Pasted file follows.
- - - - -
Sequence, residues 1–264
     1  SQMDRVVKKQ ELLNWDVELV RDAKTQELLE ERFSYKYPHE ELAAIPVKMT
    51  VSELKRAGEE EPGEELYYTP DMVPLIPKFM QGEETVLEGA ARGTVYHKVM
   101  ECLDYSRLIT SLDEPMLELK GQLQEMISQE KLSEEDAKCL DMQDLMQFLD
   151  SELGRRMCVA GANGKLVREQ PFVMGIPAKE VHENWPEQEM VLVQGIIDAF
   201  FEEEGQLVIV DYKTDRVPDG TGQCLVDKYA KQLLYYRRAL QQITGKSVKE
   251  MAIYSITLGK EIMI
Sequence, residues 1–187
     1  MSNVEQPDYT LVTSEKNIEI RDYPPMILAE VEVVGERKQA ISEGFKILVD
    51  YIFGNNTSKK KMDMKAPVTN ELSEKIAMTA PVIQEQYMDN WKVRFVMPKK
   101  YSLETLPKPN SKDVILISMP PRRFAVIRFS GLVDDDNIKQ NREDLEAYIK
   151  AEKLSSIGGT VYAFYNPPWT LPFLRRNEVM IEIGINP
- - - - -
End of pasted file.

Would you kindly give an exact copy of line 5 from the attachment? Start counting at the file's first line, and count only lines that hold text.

   151  SELGRRMCVA GANGKLVREQ PFVMGIPAKE VHENWPEQEM VLVQGIIDAF